How many qubits does it take to break a 10 characters password?



Let's assume we developed a hashcat-like programs for quantum computer. How many qubits we need to find the correct hash (WPA, MD5,...) from a 10 characters password make from upper, lower & numeric characters (about 604,661,760,000,000,000 combinations)

Dan Minh Toan

Posted 2018-10-02T06:15:37.470

Reputation: 135



$$ \log_2 604,661,760,000,000,000 \approx 59.07 $$

So use $60$ qubits for the data lines where you will put a uniform superposition. This gives a total of $61$ qubits to run Grover's.

$2^{59} = 5.764607523034e+17$ so if you can throw away about $2.8e+16$ possibilities first, you would be able to do it $60$.

Edit: As cautioned this is for logical qubits.


Posted 2018-10-02T06:15:37.470

Reputation: 3 383

2Should note these are logical error-corrected qbits, not physical qbits (lest we give the impression existing quantum computers can do this). – ahelwer – 2018-10-02T16:25:12.400

1Also it will take millions of years to run, because you need to do a billion MD5 applications under superposition and a single AND gate takes on the order of a millisecond to apply under superposition. You're better off using a bunch of GPUs. – Craig Gidney – 2018-10-02T21:18:56.287

Thanks. I read that grover's algorithm can reduce search space to 2^(n/2) (2^30 in this case). Apply it to the program, can we make it to do the task with 30 qubits? – Dan Minh Toan – 2018-10-03T02:21:11.467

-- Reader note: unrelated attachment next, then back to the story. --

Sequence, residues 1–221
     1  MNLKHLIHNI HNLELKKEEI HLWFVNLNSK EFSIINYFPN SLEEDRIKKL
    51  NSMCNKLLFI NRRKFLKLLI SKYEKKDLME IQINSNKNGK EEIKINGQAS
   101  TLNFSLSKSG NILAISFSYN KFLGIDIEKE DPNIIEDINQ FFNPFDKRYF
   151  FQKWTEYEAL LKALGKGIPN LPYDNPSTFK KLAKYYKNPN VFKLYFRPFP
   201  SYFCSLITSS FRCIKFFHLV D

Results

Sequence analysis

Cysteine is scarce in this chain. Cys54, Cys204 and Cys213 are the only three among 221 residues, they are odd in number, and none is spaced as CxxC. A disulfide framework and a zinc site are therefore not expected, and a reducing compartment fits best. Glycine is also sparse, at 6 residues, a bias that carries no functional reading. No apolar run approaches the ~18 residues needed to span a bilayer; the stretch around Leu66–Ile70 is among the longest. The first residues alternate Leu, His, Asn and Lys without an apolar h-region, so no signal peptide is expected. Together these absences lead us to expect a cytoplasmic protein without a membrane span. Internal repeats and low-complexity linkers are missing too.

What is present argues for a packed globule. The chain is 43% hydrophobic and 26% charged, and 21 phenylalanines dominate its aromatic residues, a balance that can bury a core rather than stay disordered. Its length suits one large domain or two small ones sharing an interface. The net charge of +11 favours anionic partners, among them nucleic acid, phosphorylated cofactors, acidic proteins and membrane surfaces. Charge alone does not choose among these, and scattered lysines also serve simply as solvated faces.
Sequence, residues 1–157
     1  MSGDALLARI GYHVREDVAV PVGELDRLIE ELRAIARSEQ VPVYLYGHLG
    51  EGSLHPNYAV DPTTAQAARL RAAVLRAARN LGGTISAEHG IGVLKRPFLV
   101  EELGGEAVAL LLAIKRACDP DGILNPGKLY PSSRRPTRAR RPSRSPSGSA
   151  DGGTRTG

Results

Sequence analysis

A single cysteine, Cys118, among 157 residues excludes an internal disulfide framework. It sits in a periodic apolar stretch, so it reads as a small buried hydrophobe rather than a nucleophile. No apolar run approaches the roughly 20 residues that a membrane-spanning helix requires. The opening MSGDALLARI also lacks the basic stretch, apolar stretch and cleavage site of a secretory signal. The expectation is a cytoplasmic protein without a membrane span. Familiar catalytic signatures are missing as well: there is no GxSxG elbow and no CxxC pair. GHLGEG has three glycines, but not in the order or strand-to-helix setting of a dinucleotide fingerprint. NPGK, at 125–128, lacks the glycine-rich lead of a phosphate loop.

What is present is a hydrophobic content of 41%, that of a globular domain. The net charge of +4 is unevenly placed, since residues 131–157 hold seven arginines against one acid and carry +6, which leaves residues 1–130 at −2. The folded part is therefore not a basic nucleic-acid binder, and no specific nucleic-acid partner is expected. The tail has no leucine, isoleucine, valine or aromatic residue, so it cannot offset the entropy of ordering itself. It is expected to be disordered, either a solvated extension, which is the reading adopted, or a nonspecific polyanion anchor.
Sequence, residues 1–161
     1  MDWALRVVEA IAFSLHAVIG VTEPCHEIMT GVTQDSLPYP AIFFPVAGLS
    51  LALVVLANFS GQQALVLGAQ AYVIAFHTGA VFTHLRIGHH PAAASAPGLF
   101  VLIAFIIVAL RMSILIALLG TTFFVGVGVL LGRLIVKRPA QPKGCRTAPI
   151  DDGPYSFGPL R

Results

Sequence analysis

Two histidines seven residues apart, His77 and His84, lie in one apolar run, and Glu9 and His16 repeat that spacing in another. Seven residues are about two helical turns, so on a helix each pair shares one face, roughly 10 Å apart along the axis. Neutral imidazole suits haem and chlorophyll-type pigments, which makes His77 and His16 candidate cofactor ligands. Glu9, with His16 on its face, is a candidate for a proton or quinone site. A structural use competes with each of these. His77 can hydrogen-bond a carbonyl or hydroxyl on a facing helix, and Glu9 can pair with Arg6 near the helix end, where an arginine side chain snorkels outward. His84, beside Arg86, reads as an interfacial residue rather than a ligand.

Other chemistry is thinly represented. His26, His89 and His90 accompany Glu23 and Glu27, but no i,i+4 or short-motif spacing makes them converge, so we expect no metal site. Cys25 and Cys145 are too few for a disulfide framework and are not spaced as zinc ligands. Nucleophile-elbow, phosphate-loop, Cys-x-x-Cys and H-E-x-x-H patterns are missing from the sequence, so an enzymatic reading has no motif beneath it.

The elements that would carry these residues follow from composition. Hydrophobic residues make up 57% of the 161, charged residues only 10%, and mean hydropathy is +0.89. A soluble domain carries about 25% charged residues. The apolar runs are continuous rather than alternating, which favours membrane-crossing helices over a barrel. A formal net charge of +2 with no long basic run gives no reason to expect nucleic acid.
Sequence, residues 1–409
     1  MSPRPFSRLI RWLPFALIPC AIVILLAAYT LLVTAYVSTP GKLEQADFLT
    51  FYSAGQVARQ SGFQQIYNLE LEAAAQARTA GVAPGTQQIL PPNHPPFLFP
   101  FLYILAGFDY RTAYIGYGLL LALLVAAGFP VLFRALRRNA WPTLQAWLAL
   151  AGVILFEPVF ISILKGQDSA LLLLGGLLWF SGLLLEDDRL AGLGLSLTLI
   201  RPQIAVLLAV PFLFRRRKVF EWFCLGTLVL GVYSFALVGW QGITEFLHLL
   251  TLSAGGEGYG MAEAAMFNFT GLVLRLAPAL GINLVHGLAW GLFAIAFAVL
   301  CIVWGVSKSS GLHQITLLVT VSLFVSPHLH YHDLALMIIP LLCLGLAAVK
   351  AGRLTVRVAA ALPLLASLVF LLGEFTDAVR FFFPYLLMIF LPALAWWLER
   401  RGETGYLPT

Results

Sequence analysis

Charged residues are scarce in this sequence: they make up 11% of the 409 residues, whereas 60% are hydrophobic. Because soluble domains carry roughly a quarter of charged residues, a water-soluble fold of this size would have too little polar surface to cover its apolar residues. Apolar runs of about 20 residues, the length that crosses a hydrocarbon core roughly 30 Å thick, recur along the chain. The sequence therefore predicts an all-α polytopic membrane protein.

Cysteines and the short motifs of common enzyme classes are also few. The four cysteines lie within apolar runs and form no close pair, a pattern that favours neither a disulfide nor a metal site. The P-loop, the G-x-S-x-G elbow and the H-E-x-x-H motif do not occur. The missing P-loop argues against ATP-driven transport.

That's the asymptotic for length of the circuit not number of qubits. – AHusain – 2018-10-03T19:26:31.273

@CraigGidney in the future, is there any possible solution for quantum computer to run this in one go, i mean fast? – Dan Minh Toan – 2018-10-08T04:12:52.903

1@QuanLee What do you mean by "in one go"? Grover's algorithm requires O(sqrt(N)) applications of the function, not just one. And overcoming the huge constant factor penalty of quantum computation vs classical computation means you need an unstructured problem with implausibly gigantic N before you see any advantage in absolute dollars. – Craig Gidney – 2018-10-08T06:26:56.033

@CraigGidney that's what i mean, run trillions of operation as long as you have enough qubits as fast as you can. I don't have much knowledge about quantum computer, i just know that the more qubits you have the more operation you can do. So somehow can we make quantum computer hash millions of possibility & compare the output as fast as GPU in the future? – Dan Minh Toan – 2018-10-08T06:33:57.853

@QuanLee If the energy cost of the quantum computation is 1000x the energy cost of the classical computation, going twice as fast by having twice as many qubits won't change that fact. And if you're going to scale up the quantum computer, you have to correspondingly scale up its classical competition in order to do a fair comparison, dollar for dollar. – Craig Gidney – 2018-10-08T17:20:24.657